Haitian orphanage solar-powered, thanks to Bellingham volunteers

FOR THE BELLINGHAM HERALDDecember 27, 2013 

Dana Brandt, the founder and owner of Bellingham's Ecotech Energy Systems, and employee John Wilkins recently answered a call to build a solar-powered electrical system for an orphanage in Haiti.

Wilkins, a 39-year-old graduate of Bellingham Technical College, and his wife, Blaine sixth-grade teacher Sarah Fisher, are raising three children in Bellingham. Wilkins, who attended high school in Utah, learned to love skiing there and is now a volunteer with Mount Baker Ski Patrol.

Question: John, what led you and Dana to help in Haiti?

Answer: Dana got a call from (former Whatcom County residents) Mike and Chris Leland of New Generation Ministries. They are running Good Shepherd Children's Village with about 60 kids on the outskirts of Gonaives, Haiti. It's a city about the geographic size of Bellingham but with about 300,000 people north of Port au Prince.

Q: What were their needs?

A: They were spending about $500 each month on a diesel-powered electrical system. They weren't on the grid, which can get complicated (because of bargaining on power costs). They asked us if we could help. We flew down early in October.

Q: How large is the children's village?

A: It's three concrete buildings around land about half the size of a soccer field. There's a school and a clinic there. We took a look at the layout and calculated the materials and time it would take to install them.

Q: Who supplied the materials?

A: We purchased the solar panels through Platt Electric Supply of Bellingham. We got an inverter from OutBack Power Systems of Arlington, which is part of Bellingham's Alpha Technologies.

We installed a 3.6-kilowatt system with some 15 solar panels. We taught people there how to maintain the system.

Q: How will this benefit the orphanage?

A: This has cut their power cost about 90 percent, to $50 per month. It's an example of how a Third World country can maximize the benefits of reliable power and green technology. It now makes electricity available 24/7, which it wasn't before, and will help both the school and the clinic's ability to store medical supplies. Students will be able to study at night.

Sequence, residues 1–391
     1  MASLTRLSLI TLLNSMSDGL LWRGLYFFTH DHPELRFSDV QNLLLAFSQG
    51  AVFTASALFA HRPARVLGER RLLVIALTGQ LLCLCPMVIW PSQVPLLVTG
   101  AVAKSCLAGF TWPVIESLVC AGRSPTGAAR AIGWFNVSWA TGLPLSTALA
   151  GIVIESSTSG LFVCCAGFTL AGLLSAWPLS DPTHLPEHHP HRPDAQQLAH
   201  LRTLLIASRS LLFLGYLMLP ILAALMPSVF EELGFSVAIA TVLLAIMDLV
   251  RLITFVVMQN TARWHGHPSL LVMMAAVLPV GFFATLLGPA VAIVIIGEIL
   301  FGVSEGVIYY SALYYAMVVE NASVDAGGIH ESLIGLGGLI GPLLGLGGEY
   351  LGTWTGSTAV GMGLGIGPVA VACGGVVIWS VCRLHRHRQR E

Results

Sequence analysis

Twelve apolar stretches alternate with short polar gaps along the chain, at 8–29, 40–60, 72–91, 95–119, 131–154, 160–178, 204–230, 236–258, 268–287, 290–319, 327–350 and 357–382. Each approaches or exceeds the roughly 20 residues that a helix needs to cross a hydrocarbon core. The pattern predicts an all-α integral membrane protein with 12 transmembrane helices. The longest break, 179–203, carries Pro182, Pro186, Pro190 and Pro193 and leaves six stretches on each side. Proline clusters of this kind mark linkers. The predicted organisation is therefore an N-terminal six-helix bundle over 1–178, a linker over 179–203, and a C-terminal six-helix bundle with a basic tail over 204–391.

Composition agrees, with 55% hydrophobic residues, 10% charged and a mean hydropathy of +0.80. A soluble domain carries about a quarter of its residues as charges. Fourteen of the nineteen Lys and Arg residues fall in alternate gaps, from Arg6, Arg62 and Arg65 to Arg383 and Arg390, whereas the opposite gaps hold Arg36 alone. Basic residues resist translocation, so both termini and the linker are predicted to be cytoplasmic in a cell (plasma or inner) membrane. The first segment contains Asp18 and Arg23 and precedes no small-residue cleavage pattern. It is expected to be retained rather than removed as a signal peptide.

Q: Would you want to do something like this again?

A: Absolutely. Dana earlier did an electrical project in Africa. He has a master's degree covering sustainable systems, and we both really believe in the benefits of green power.

Q: How did you become interested in solar power?

A: I survived seven layoffs at my previous job, but I finally got laid off (during the Great Recession). Some friends told Dana about me in 2008. Our first job together was at an indoor tennis court at Whitman College in Walla Walla.

I felt it was just what I was looking for, combining an opportunity to work outside, to learn a new trade and to help take humanity in the right direction. I do everything from site evaluation to system design to installation, along with some consulting.

Q: Has solar power improved as an investment?

A: The return on investment has steadily been shrinking in terms of time and is now about five to seven years. The industry projects 20 percent growth each year over the next 10 to 15 years. The outlook has really improved for solar power.

Q: What inspired your interest in solar power?

A: While I was a teenager in Utah I would sometimes help my father, who was early on inspired by green energy. I eventually realized I wanted to get back to that.

Michelle Nolan is a Bellingham freelance writer.

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